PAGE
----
Tuesday, August 14, 2018

Last Day of National Writing Project Midwest Conference

by Kim Rensch
The National Writing Project Midwest conference wrapped up on the morning of Sunday, August 5th with one final session of roundtables and workshops, followed by the opportunity to write and reflect on the learning experience. The University of Wisconsin – Madison provided a beautiful backdrop to host the first-ever National Writing Project Midwest Conference. The Red River Valley Writing Project looks forward to hosting in 2020. Next year: Minneapolis! Mark your calendars for August 2nd and 3rd.

Monday, August 13, 2018

Belcourt Launch of the C3WP

On Monday, August 13th, Kelly Sassi, Angie Hase, Ben Scallon, and Denise Lajimodiere met with the entire staff (about 40 teachers) of Turtle Mountain High School in Belcourt, ND to introduce them to the College, Career, and Community Writers Program. First, everyone wrote about the strengths of their students as writers and the challenges they face. We then listened to the Director of the National Writing Project, Elyse Eidman-Aadahl talk about the importance of argument writing today. You too can listen to the clip here.

Ben Scallon then lead us through the mini unit on routine argument writing. Angie Hase set C3WP in a context.
Angie Hase introduces the mini unit on writing and revising claims.
Then we met with just the ELA and social studies teachers--a cozy group of 10--to go over our grant commitments, read and discuss some short readings about principles of argument writing, and walk through another mini unit on writing and revising claims. We ended the day with a reflection about how the students will work with argument in the teachers' classrooms this year.

Sunday, August 12, 2018

Launch of the C3WP Elementary Advanced Institute

Bringing Students into the Conversation
by Angela Hase

“We have to let children speak.” This quote said by participant Kathy on the first day of the Upper Elementary AI is bouncing around in my head. I am sitting in the Devil’s Lake Holiday Inn conference room working with a group of elementary teachers from Langdon, Harvey, Center-Stanton, led by RRVWP TCs Lisa Gusewelle and Emily Olson. We are engaged in a two-day conversation about argument writing in elementary classrooms. Together, we are learning the C3WP instructional resources with the goal of introducing skills for teaching argument to upper elementary teachers in Belcourt and Dunseith districts during the 2018-2019 school year, as part of three-year i3 grant the RRVWP received from the National Writing Project to scale up the College, Career, and Community Writers Program in rural, high-needs schools.

Yesterday, we spent a day focusing on how much of argument writing is understanding that arguments are everywhere. Arguments are part of every decision we make, of the screens we scroll through and consume, and of the outside world that bombards us in advertisements from billboards to the songs lyrics hoping we live life to the fullest or forget that crush. Arguments are even in wrappers from our favorite fast food restaurants. Are you really “loving it”? Can you have it “your way”?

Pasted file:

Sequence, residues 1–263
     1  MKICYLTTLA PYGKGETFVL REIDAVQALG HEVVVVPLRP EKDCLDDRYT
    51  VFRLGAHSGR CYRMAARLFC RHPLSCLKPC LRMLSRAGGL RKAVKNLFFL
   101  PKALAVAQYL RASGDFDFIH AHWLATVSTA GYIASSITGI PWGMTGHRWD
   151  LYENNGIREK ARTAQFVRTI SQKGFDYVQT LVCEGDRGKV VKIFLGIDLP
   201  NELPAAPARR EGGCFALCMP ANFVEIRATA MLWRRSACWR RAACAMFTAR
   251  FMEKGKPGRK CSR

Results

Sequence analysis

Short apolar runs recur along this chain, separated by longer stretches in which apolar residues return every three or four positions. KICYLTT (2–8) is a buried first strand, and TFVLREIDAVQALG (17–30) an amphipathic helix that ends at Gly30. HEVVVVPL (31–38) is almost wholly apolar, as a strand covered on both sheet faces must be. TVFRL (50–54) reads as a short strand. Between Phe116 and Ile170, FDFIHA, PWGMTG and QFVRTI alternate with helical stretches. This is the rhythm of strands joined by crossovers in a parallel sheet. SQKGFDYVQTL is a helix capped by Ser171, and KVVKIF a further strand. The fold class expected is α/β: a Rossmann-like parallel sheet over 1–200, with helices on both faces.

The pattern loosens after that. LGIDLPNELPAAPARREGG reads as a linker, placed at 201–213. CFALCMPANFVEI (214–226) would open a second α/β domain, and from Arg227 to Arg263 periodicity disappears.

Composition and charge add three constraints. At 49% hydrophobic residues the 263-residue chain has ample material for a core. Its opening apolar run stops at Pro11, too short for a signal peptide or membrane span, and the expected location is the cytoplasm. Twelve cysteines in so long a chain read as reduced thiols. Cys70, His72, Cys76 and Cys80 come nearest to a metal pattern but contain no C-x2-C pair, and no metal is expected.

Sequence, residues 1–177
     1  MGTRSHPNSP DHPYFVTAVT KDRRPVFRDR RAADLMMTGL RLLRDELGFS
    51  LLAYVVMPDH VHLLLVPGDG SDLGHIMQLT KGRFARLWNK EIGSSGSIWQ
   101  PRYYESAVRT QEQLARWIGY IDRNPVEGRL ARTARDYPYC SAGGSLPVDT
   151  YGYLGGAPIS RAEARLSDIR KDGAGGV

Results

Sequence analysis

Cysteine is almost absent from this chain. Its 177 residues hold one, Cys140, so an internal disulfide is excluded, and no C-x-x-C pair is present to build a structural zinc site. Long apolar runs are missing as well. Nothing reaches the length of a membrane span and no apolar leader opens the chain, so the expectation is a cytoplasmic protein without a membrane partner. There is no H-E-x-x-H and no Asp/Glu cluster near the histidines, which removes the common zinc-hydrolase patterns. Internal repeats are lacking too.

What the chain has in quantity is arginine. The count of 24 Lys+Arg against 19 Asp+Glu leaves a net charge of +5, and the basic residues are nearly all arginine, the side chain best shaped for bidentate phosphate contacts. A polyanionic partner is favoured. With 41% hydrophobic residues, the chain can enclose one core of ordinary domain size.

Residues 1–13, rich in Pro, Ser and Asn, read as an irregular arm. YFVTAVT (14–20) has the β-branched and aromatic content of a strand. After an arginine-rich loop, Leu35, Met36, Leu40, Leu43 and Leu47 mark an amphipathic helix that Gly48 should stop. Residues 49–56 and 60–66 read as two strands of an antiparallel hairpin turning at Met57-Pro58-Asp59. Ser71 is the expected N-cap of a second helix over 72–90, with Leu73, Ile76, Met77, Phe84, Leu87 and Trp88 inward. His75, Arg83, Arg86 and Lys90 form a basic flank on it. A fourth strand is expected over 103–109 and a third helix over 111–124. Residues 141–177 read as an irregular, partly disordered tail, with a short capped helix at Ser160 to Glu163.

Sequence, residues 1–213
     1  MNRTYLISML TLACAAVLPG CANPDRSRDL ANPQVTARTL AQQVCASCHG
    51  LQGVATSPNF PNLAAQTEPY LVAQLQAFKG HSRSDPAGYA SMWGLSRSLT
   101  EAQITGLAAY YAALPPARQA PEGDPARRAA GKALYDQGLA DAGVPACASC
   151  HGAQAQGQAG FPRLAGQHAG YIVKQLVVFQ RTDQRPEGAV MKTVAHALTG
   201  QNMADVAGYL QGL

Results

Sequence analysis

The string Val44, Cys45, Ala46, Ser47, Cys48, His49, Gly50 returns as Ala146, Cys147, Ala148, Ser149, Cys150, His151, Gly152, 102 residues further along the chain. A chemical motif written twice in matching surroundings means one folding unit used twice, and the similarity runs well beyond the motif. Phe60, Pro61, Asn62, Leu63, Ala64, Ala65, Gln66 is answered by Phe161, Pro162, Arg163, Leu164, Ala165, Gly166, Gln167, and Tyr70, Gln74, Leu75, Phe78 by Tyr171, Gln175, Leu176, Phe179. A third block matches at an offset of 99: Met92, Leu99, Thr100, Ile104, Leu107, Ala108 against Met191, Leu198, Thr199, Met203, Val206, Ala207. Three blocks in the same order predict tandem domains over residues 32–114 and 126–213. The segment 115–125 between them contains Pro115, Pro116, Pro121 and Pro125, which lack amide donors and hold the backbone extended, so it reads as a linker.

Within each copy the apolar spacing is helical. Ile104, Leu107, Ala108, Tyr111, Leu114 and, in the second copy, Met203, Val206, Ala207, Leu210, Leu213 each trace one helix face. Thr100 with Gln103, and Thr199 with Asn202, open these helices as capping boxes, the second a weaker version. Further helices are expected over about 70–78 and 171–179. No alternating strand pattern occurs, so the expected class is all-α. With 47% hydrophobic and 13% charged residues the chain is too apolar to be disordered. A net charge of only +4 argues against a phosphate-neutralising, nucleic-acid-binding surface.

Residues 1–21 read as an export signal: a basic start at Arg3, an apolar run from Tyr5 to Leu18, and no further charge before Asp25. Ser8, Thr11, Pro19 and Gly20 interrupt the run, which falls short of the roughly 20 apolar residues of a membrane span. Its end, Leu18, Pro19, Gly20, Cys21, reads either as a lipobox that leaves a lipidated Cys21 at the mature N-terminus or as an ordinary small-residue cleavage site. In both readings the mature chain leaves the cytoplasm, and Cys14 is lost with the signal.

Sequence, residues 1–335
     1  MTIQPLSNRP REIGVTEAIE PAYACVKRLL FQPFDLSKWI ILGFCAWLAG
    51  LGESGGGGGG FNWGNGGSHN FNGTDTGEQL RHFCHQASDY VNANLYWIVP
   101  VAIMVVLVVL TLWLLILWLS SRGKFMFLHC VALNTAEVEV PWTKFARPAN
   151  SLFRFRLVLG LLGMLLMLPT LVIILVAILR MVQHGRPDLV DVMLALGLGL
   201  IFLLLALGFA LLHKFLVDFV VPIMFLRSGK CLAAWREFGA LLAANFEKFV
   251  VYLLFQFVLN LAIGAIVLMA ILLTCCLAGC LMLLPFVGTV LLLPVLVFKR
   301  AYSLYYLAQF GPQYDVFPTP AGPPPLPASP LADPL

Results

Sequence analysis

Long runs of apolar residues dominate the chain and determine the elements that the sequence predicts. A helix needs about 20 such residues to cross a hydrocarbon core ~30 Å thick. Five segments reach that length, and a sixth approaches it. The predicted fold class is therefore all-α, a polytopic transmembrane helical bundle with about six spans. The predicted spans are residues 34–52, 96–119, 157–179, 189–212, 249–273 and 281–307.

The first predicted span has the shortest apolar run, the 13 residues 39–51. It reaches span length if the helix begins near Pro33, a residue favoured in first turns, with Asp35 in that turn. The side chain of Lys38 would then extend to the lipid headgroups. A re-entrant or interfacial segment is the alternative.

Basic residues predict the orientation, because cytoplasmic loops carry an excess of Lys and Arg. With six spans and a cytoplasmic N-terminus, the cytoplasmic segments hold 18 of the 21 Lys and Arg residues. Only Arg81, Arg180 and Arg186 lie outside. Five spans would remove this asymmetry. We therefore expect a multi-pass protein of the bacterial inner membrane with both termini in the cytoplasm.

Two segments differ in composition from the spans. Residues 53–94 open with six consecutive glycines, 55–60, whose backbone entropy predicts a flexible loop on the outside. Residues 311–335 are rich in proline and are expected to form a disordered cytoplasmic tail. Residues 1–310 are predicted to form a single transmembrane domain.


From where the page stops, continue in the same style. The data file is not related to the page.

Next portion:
This morning, we tried the Atwoodian table, a play on the Burkean Parlor by Kenneth Burke. A brief description of the Atwoodian table is to think about who is in the conversation at a round table. All of the people involved in the text get their own seat at the table. The table is round because no one person is at the head, instead everyone is an equal participant.

Our conversation was about drones. In the instructional resource Entering the Conversation: Joining a Conversation in Progress, we read perspectives (one or two sentences) from a variety of sources:

Friday, August 10, 2018

Scholastic Spotlight: Olivia Drake

Author: Olivia Drake
9th Grade
Educator: Lindsay Seelig

She was one and taking her first steps just outside the porch of her familiar little bungalow. The sparse grass tickled her toes as she waddled. Her steps were shaky as she trekked towards her father's shining face. Just a few steps away she could barely hear the encouragements floating across the warm summer air, she was completely focused. She collapsed into her father's lap and he scooped her up into his wide calloused hands. She smiled happily as his tan face cooed praises she couldn't yet understand. This, of course, was not a memory that was her own, but rather a factitious one woven into the fibers of her brain from years of her mother's bedtime stories. Every night she would stare at her mother’s figure silhouetted by stars filtering through the open window and plead, “Tell me a story from when I was little!” Her mother would laugh and say, “But you are still little,” before captivating the girl with one of her tales. The girl’s favorite had always been the story of her first steps because after she learned to walk, she learned to run.
She was five and sprinting out the door of her house small feet tumbling across the dry, sun-split earth. It was her first day of school. Her excitement became a tangible thing, tangling between her feet, and though she was more sure-footed now than when she took her first steps, she nearly tripped in her haste to arrive at the school and the answers to her endless questions.
“Papa, what’s school like?” she often asked.
“Well,” he would respond in his deep rumbling voice, “I haven’t been there in a long time, Ya Amar, it may be very different from when I was young.”
At this, she would always pout because she wanted to know. She wanted to know what she would learn, who she would meet, whether she would like them or not, whether they would like her. So many unanswered questions in her head made it hard to focus on anything else. Whenever she was on the verge of a petulant fit at her father's inability to answer her questions, he would answer with this: “I do not remember exactly what I learned in school, but I do remember what it taught me, Ya Amar. You must learn all you can. Learn from school, from life, from the people around you because a life without learning is not a life at all. You have a thirst for knowledge, and I am so proud. This is my advice, do everything you can to feed it because that is how you grow.” She was young and may not have fully understood the wisdom in her father's words, but she carried them with her always. She carried them with her in the back of her mind as she ran towards the courtyard of the school and as she drew nearer, she made a vow, a promise to her father. She swore she would learn. Within the walls of her school she would learn all she could, and when she was grown and had to leave, she would learn from people, from life. She ran and the courtyard came closer into view. She ran and the answers to her endless questions came closer into view, she would spend the rest of her life running for answers.